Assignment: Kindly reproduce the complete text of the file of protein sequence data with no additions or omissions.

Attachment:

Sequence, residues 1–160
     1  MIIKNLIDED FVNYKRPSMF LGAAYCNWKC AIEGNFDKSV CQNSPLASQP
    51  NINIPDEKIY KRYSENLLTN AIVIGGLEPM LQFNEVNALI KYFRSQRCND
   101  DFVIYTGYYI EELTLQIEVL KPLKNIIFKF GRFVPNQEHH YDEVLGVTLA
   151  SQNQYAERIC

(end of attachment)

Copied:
Sequence, residues 1–160
     1  MIIKNLIDED FVNYKRPSMF LGAAYCNWKC AIEGNFDKSV CQNSPLASQP
    51  NINIPDEKIY KRYSENLLTN AIVIGGLEPM LQFNEVNALI KYFRSQRCND
   101  DFVIYTGYYI EELTLQIEVL KPLKNIIFKF GRFVPNQEHH YDEVLGVTLA
   151  SQNQYAERIC